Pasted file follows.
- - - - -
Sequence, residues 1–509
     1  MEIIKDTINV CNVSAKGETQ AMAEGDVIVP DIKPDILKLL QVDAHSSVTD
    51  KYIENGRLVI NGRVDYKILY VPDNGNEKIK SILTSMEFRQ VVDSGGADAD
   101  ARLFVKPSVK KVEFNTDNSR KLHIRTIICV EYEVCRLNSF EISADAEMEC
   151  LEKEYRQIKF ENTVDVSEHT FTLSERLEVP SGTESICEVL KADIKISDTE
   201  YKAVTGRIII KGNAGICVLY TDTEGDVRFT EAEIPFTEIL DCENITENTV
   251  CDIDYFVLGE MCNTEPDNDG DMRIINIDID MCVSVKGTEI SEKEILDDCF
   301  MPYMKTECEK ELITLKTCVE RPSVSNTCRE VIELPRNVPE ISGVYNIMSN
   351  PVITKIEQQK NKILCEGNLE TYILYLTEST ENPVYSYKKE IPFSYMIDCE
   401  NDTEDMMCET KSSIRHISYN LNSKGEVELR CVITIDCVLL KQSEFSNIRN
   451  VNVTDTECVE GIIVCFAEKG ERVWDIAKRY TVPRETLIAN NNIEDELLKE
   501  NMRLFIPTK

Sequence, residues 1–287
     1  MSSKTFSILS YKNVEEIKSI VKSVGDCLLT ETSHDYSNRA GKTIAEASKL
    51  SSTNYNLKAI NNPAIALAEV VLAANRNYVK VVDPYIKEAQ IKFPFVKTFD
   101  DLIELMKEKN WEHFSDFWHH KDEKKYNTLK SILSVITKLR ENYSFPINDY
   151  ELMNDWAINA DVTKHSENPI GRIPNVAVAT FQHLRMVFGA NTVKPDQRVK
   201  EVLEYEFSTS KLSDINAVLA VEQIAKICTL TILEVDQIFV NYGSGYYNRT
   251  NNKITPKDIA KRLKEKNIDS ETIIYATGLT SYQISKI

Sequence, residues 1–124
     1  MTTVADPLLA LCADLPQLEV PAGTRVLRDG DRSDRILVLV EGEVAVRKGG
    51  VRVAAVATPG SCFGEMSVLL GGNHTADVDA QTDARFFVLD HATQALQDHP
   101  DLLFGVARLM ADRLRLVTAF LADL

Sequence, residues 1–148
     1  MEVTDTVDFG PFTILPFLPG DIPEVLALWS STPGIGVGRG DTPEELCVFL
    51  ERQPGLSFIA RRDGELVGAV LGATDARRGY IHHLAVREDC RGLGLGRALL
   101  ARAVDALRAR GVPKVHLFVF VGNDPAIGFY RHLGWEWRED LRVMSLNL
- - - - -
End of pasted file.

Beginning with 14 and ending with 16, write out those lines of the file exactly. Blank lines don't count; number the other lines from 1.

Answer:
     1  MSSKTFSILS YKNVEEIKSI VKSVGDCLLT ETSHDYSNRA GKTIAEASKL
    51  SSTNYNLKAI NNPAIALAEV VLAANRNYVK VVDPYIKEAQ IKFPFVKTFD
   101  DLIELMKEKN WEHFSDFWHH KDEKKYNTLK SILSVITKLR ENYSFPINDY